Gaza, a year on from Operation Protective Edge

    The traumatised kibbutz on Israel's front line, still recovering from last summer's war with Hamas
    How to survive electrical storms: What are the chances of being hit by lightning?

    Heavy weather

    What are the chances of being hit by lightning?
    World Bodypainting Festival 2015: Bizarre and brilliant photos celebrate 'the body as art'

    World Bodypainting Festival 2015

    Bizarre and brilliant photos celebrate 'the body as art'
    alt-j: A private jet, a Mercury Prize and Latitude headliners

    Don't call us nerds

    Craig Mclean meets alt-j - the math-folk act who are flying high
    How to find gold: The Californian badlands, digging out crevasses and sifting sludge

    How to find gold

    Steve Boggan finds himself in the Californian badlands, digging out crevasses and sifting sludge
    Singing accents: From Herman's Hermits and David Bowie to Alesha Dixon

    Not born in the USA

    Lay off Alesha Dixon: songs sound better in US accents, even our national anthem
    10 best balsamic vinegars

    10 best balsamic vinegars

    Drizzle it over salad, enjoy it with ciabatta, marinate vegetables, or use it to add depth to a sauce - this versatile staple is a cook's best friend
    Wimbledon 2015: Brief glimpses of the old Venus but Williams sisters' epic wars belong to history

    Brief glimpses of the old Venus but Williams sisters' epic wars belong to history

    Serena dispatched her elder sister 6-4, 6-3 in eight minutes more than an hour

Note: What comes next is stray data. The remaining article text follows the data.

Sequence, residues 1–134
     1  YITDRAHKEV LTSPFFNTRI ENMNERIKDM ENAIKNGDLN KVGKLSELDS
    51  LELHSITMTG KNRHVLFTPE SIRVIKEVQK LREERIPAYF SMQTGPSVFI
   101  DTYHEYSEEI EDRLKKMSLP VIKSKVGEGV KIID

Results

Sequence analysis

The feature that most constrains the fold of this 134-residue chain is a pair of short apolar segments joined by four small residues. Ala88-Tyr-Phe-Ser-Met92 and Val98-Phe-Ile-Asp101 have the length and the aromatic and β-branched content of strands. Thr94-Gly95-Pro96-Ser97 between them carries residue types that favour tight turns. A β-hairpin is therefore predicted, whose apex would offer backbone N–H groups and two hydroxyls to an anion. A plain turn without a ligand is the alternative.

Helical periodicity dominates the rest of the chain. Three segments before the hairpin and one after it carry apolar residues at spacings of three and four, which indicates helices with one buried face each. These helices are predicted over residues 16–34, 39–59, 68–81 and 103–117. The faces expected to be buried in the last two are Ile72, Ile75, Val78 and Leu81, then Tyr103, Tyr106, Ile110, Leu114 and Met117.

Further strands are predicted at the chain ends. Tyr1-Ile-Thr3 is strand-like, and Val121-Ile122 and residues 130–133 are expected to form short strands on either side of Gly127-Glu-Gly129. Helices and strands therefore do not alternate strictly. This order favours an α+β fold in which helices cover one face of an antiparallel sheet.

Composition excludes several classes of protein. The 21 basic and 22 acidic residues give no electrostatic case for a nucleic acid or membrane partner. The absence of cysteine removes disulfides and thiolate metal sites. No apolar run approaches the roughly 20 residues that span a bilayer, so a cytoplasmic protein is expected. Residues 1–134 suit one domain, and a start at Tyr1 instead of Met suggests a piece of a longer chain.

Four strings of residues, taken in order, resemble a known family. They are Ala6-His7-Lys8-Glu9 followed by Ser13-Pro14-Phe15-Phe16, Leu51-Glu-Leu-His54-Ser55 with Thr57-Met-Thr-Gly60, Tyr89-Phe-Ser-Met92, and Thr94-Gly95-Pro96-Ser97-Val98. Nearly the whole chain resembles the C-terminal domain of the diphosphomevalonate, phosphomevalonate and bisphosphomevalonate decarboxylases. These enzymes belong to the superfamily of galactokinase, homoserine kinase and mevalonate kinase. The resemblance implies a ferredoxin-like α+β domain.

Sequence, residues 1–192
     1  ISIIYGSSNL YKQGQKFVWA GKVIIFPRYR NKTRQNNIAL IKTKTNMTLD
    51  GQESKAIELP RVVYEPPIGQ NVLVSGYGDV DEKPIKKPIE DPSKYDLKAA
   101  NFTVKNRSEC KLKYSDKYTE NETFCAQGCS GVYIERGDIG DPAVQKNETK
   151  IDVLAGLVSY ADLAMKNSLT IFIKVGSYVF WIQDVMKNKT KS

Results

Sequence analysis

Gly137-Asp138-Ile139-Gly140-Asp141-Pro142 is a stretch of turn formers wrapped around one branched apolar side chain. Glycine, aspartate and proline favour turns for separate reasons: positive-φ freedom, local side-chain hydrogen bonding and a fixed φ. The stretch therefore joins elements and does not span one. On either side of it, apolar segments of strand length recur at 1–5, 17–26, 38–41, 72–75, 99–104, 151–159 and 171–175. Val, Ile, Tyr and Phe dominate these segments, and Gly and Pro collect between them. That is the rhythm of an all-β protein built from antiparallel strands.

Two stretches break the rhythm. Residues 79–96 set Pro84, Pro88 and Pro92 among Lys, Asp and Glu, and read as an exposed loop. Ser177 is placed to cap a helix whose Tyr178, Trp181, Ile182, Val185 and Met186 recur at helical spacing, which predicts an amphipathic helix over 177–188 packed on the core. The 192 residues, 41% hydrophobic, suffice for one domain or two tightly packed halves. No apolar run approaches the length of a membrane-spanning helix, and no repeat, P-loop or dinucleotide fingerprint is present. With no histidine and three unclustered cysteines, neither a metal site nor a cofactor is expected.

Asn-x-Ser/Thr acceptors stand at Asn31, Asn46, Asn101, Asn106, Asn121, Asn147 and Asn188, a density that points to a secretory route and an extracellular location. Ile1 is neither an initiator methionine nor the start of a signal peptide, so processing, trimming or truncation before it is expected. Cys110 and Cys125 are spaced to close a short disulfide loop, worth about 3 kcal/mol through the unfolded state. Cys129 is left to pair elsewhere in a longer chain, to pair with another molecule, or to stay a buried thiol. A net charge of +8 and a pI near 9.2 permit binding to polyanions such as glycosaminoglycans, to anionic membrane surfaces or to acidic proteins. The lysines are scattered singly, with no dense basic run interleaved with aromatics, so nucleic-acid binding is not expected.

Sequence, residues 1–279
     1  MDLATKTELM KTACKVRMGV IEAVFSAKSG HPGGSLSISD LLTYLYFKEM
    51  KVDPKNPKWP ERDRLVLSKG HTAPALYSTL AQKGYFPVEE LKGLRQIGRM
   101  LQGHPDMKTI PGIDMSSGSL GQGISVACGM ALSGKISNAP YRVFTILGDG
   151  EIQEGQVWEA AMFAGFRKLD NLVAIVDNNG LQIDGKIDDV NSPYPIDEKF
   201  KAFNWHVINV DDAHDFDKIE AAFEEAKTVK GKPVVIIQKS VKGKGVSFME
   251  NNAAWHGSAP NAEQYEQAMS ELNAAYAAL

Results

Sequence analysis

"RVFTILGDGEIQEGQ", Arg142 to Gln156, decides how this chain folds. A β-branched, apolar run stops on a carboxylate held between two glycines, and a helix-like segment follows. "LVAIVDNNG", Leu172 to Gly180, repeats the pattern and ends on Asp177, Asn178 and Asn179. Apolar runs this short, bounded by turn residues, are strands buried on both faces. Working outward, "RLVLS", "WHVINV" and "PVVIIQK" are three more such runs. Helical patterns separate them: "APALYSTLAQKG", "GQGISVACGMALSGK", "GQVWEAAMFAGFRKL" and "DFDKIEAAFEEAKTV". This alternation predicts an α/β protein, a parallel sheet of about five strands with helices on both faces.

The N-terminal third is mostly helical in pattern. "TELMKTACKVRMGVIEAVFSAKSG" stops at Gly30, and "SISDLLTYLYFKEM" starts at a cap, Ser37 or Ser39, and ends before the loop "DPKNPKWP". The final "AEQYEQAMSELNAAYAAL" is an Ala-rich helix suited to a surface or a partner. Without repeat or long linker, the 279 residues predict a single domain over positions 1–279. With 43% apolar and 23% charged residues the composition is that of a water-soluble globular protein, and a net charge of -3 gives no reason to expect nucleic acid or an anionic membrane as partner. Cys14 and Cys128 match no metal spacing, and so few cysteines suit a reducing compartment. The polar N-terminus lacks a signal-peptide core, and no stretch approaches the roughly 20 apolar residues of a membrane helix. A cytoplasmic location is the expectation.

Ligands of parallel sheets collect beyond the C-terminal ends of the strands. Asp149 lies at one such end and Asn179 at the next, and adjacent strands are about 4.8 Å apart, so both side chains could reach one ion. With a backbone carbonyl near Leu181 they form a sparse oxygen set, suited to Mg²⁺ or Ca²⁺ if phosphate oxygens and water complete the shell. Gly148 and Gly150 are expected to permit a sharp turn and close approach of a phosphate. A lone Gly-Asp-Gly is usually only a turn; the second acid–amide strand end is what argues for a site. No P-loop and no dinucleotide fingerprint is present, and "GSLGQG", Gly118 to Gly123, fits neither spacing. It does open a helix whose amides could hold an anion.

Greece says 'No': A night of huge celebrations in Athens as voters decisively back Tsipras and his anti-austerity stance in historic referendum

    Greece referendum

    Greeks say 'No' to austerity and plunge Europe into crisis
    Ten years after the 7/7 terror attacks, is Britain an altered state?

    7/7 bombings anniversary

    Ten years after the terror attacks, is Britain an altered state?
    Beautiful evening dresses are some of the loveliest Donatella has created

    Versace haute couture review

    Beautiful evening dresses are some of the loveliest Donatella has ever created
    No hope and no jobs, so Gaza's young risk their lives, climb the fence and run for it

    No hope and no jobs in Gaza

    So the young risk their lives and run for it
    Fashion apps: Retailers roll together shopping and social networking for mobile customers

    Fashion apps

    Retailers roll together shopping and social networking for mobile customers
    The Greek referendum exposes a gaping hole at the heart of the European Union – its distinct lack of any genuine popular legitimacy

    Gaping hole at the heart of the European Union

    Treatment of Greece has shown up a lack of genuine legitimacy